They say death and taxes are the only two certainties in life, but years of budget cuts and workforce reductions have made it harder for the IRS to uphold the second half of the bargain.
After losing more than 16 percent of its funding and nearly a third of its employees since 2010, the agency today lacks the resources to properly enforce tax policy and carry out its mission. But today, officials are turning to technology to help make the most of the money and people it has left.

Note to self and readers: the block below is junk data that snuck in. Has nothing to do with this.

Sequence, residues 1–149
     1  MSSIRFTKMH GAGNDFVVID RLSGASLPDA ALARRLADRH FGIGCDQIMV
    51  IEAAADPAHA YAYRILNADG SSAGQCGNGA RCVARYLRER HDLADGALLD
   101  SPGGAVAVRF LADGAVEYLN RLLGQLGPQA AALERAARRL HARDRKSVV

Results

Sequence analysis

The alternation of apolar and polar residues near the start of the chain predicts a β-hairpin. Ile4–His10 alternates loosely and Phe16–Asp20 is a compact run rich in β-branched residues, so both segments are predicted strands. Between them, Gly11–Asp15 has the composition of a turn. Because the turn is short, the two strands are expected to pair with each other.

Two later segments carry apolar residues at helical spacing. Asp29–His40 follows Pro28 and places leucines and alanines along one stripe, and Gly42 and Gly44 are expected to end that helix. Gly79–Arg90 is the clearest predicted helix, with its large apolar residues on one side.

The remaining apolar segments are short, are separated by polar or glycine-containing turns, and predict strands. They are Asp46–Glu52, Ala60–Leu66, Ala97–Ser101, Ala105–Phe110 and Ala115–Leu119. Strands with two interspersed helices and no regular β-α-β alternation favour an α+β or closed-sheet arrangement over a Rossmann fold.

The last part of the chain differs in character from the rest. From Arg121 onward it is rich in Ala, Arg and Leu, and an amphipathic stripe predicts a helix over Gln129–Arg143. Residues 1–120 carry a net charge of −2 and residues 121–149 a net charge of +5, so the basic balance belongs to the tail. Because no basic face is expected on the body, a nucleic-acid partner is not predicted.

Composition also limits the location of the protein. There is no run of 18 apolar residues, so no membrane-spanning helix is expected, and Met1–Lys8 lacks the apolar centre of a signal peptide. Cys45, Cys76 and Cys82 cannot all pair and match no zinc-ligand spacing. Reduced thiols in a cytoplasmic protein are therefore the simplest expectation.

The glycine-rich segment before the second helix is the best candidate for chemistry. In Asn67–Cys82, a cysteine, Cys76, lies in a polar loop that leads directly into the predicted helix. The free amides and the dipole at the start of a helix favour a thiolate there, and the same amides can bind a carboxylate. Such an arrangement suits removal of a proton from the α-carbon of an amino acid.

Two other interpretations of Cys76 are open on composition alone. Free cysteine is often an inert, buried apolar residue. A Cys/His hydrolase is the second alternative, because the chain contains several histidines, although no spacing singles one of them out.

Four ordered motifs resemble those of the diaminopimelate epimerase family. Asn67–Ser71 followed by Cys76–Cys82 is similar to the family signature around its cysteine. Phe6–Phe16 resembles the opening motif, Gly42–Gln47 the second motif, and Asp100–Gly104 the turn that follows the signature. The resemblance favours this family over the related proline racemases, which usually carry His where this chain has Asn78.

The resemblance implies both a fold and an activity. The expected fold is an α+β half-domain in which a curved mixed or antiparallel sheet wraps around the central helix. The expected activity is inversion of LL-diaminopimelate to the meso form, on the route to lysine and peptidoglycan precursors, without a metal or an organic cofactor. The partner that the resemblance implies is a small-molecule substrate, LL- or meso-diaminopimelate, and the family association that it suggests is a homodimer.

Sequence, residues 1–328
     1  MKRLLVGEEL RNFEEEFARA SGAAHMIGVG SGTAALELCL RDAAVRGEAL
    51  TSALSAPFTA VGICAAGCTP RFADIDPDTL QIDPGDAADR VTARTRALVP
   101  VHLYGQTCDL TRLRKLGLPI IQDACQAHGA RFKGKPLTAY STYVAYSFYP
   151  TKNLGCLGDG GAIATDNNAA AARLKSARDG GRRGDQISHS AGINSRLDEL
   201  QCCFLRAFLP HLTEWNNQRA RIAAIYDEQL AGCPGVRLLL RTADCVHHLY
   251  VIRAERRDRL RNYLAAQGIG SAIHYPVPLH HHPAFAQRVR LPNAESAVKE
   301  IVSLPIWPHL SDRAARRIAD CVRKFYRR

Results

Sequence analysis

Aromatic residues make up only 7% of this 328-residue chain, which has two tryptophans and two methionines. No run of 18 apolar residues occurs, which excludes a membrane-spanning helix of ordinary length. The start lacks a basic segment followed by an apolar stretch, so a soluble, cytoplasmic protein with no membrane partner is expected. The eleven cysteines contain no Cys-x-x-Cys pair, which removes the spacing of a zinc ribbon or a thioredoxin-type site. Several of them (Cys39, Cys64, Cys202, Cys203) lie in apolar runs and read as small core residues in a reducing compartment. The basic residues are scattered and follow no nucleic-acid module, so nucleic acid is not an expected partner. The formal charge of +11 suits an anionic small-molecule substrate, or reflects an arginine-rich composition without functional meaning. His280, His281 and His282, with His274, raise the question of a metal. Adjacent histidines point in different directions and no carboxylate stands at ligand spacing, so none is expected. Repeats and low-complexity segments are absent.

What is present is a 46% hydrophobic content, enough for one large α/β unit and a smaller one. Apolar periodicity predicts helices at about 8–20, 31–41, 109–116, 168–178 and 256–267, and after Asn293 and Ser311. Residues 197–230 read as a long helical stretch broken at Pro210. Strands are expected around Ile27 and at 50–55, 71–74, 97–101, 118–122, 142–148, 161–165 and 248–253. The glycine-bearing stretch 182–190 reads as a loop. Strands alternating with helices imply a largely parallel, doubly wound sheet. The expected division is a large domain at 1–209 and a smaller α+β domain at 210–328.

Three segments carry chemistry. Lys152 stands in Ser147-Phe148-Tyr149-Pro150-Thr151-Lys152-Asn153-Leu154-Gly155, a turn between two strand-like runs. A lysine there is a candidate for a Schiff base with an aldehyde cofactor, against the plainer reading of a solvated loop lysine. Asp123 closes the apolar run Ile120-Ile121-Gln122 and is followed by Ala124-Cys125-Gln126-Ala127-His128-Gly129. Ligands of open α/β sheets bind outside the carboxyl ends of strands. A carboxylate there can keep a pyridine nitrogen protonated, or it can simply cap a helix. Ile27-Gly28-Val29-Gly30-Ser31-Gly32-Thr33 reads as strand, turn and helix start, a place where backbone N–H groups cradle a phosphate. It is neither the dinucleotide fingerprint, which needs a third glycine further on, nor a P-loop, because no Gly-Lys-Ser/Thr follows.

In the coming months, the agency plans to deploy a tool that would automate a significant portion of its vendor compliance process. The tech, which cost only $190,000 to build, could potentially free up tens of thousands of hours for employees to spend on more meaningful work, according to IRS Chief Procurement Officer Harrison Smith, who’s currently serving a three-month term as the Treasury Department’s acting senior procurement executive.